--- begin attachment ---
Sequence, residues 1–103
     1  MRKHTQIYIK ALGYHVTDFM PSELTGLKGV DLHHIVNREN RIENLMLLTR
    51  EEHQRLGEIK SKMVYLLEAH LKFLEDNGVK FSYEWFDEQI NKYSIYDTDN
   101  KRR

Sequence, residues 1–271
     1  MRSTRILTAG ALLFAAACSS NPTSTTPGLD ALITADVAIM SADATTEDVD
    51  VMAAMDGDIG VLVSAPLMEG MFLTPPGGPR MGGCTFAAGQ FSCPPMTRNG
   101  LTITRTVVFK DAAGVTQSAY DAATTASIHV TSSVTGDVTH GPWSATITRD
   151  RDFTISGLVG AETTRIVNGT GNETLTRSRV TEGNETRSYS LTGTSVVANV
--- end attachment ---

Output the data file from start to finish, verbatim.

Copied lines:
Sequence, residues 1–103
     1  MRKHTQIYIK ALGYHVTDFM PSELTGLKGV DLHHIVNREN RIENLMLLTR
    51  EEHQRLGEIK SKMVYLLEAH LKFLEDNGVK FSYEWFDEQI NKYSIYDTDN
   101  KRR

Sequence, residues 1–271
     1  MRSTRILTAG ALLFAAACSS NPTSTTPGLD ALITADVAIM SADATTEDVD
    51  VMAAMDGDIG VLVSAPLMEG MFLTPPGGPR MGGCTFAAGQ FSCPPMTRNG
   101  LTITRTVVFK DAAGVTQSAY DAATTASIHV TSSVTGDVTH GPWSATITRD
   151  RDFTISGLVG AETTRIVNGT GNETLTRSRV TEGNETRSYS LTGTSVVANV